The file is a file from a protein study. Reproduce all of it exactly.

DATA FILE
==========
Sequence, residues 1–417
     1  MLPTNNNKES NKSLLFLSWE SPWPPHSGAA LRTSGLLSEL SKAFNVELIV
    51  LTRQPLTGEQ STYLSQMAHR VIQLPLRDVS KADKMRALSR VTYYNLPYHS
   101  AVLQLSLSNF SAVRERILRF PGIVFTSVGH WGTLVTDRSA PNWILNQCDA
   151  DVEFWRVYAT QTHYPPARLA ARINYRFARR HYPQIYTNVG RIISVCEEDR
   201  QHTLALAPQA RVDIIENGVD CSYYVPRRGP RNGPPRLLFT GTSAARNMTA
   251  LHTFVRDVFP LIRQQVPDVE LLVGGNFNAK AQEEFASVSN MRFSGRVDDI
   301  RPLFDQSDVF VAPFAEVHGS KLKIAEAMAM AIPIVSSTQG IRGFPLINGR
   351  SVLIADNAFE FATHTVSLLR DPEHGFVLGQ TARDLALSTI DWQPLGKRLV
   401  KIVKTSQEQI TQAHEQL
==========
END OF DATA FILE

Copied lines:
Sequence, residues 1–417
     1  MLPTNNNKES NKSLLFLSWE SPWPPHSGAA LRTSGLLSEL SKAFNVELIV
    51  LTRQPLTGEQ STYLSQMAHR VIQLPLRDVS KADKMRALSR VTYYNLPYHS
   101  AVLQLSLSNF SAVRERILRF PGIVFTSVGH WGTLVTDRSA PNWILNQCDA
   151  DVEFWRVYAT QTHYPPARLA ARINYRFARR HYPQIYTNVG RIISVCEEDR
   201  QHTLALAPQA RVDIIENGVD CSYYVPRRGP RNGPPRLLFT GTSAARNMTA
   251  LHTFVRDVFP LIRQQVPDVE LLVGGNFNAK AQEEFASVSN MRFSGRVDDI
   301  RPLFDQSDVF VAPFAEVHGS KLKIAEAMAM AIPIVSSTQG IRGFPLINGR
   351  SVLIADNAFE FATHTVSLLR DPEHGFVLGQ TARDLALSTI DWQPLGKRLV
   401  KIVKTSQEQI TQAHEQL